The Blacksmith Institute for a Pure Earth, Green Cross Switzerland, and Global Alliance on Health and Pollution (GAHP) have published a new report, “Top Ten Countries Turning the Corner on Toxic Pollution,” as part of their annual 'World’s Worst Polluted' series to raise global awareness about the extent and the impacts of toxic pollution in low- and middle-income countries.
The report revisits the countries featured in a 2009 report, “12 Cases of Cleanup and Success” for inspiration and highlights the commitment and progress developing countries are making in overcoming toxic pollution. In these areas, pollution kills 8.4 million people each year, most of them children, and an estimated 200 million people suffer serious pollution-related health problems, including brain damage, from exposure to lead, mercury, pesticides and a host of other chemicals.
The cities and their stories shared within the report demonstrate that in spite of numerous obstacles and lack of resources, with collaboration and commitment, something can always be done to begin to improve even the most polluted areas. Below are summaries of three success stories featured in the report:
E-waste recycling is an important source of income for the thousands in Agbogbloshie, Ghana. Their methods, including burning of electronic scrap to recover prized metals, particularly copper, had taken a dreadful toll on the health of the people and the environment. Now wire-stripping machines eliminate burning of e-waste and offer a safer, healthier way to extract the metals.
Thiaroye Sur Mer, Senegal
Acute lead poisoning, a rare condition caused by prolonged daily exposure to lead, took the lives of 18 young children in a matter of months. The women of the community had been breaking used lead-acid batteries and smelting the lead to extract it for resale. Lead fumes and dust contaminated the community killing children and impairing the health of others. Project partners and funders, along with the Senegalese government, not only removed lead contamination from the village, but also trained the women in hydroponic agriculture as an alternative means of income to this toxic work.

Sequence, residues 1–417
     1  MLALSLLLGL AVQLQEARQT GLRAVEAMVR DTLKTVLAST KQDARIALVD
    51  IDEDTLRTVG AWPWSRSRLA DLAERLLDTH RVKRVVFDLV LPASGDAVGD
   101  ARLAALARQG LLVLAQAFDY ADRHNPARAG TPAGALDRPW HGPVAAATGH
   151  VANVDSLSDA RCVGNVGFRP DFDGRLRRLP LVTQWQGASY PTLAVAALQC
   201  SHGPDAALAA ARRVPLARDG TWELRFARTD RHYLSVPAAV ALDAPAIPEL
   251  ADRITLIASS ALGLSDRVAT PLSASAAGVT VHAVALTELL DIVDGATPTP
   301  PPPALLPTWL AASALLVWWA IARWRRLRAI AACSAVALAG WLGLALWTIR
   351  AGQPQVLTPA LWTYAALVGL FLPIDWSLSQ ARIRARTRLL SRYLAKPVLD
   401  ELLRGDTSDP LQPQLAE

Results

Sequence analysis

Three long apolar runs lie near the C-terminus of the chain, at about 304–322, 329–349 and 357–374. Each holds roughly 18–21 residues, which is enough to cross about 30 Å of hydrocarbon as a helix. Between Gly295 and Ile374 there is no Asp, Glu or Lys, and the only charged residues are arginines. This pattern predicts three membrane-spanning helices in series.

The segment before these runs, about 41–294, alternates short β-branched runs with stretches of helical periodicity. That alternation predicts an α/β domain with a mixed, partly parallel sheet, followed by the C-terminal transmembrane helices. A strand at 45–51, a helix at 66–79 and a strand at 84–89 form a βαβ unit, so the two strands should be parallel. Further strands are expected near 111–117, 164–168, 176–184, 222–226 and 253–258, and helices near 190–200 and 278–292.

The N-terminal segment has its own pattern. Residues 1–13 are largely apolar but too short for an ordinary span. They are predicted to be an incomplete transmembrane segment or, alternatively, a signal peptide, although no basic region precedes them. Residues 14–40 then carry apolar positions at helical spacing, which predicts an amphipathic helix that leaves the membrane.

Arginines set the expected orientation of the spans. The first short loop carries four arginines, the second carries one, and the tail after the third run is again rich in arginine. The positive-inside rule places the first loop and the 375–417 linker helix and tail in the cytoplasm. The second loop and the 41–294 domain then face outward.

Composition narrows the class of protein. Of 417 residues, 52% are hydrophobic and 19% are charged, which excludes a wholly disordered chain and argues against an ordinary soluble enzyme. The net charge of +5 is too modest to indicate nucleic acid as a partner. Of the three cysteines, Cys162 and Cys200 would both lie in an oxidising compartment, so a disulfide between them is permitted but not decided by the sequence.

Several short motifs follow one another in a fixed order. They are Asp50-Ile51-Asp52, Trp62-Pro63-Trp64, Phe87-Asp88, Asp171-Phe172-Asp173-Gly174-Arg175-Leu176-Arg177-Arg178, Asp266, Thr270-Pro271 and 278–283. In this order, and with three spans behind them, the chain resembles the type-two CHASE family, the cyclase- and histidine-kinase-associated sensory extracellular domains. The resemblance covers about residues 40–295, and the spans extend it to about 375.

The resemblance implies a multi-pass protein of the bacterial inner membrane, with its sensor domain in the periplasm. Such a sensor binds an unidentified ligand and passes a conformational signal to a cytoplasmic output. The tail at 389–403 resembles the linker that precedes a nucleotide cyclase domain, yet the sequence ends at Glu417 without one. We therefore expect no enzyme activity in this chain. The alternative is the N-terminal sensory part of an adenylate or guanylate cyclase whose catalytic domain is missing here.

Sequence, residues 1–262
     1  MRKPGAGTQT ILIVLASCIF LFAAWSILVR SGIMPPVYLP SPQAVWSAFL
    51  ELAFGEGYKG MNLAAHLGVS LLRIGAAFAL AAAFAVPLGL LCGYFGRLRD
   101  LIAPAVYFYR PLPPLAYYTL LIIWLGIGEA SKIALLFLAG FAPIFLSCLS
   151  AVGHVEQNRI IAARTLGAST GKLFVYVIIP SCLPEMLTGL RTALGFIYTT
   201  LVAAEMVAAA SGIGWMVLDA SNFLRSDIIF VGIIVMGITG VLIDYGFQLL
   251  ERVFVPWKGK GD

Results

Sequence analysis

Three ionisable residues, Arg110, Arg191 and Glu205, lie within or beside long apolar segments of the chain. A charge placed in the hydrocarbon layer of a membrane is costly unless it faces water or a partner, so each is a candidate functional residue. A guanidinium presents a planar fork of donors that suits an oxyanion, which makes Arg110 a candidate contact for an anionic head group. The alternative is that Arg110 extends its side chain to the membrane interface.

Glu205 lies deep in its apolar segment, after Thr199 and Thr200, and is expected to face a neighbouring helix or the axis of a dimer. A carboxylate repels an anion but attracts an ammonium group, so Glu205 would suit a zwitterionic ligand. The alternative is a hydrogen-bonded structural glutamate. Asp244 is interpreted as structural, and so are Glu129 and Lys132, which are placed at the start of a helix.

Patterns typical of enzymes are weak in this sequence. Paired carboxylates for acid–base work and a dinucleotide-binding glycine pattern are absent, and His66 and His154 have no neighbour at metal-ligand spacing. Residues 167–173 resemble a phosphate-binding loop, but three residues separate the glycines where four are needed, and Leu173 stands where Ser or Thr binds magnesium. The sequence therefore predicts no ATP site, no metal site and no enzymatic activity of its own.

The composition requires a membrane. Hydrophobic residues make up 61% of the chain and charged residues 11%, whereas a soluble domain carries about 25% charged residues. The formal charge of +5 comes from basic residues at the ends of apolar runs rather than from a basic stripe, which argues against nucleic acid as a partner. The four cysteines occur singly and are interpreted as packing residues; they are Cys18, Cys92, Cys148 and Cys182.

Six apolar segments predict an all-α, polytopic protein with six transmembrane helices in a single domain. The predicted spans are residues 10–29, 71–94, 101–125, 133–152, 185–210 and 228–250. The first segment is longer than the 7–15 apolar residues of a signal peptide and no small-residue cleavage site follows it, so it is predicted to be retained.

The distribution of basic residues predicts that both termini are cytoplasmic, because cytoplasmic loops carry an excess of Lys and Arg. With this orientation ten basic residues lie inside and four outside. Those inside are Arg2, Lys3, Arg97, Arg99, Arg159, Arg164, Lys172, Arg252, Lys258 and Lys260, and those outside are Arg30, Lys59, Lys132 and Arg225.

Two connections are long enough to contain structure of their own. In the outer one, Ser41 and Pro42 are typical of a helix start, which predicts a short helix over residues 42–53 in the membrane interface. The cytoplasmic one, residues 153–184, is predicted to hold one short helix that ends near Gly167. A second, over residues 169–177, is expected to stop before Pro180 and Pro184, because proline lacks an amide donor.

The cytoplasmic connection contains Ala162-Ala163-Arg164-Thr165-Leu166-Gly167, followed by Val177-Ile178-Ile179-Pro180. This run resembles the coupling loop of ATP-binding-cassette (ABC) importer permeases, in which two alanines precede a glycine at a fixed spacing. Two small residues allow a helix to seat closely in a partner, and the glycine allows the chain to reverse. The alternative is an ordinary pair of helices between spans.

Low-income workers in Montevideo burn electronic waste and electrical cables to obtain copper for resale. By burning e-waste over open pit fires they created “toxic hotspots” in their own communities, sites where contamination from heavy metals and other toxins are so high, it is a danger to human health. The GAHP teamed up with the City of Montevideo to identify and clean up some of the worst toxic hotspots of the city.
For the full report and more information on these and other stories, visit www.worstpolluted.org
While these stories highlight some of the recent successes in cleaning up pollution in these areas, it is important to remember that there is still a long way to go in repairing the damage and preventing the root causes of this contamination. To ensure your electronics do not get exported overseas and further contaminate developing countries, partner with an e-Stewards certified recycler. e-Stewards’ recyclers adhere to the most stringent, global standards for recycling e-waste and worker protection. e-Stewards is the only certification that strictly prohibits the exportation of toxic e-waste to developing countries.
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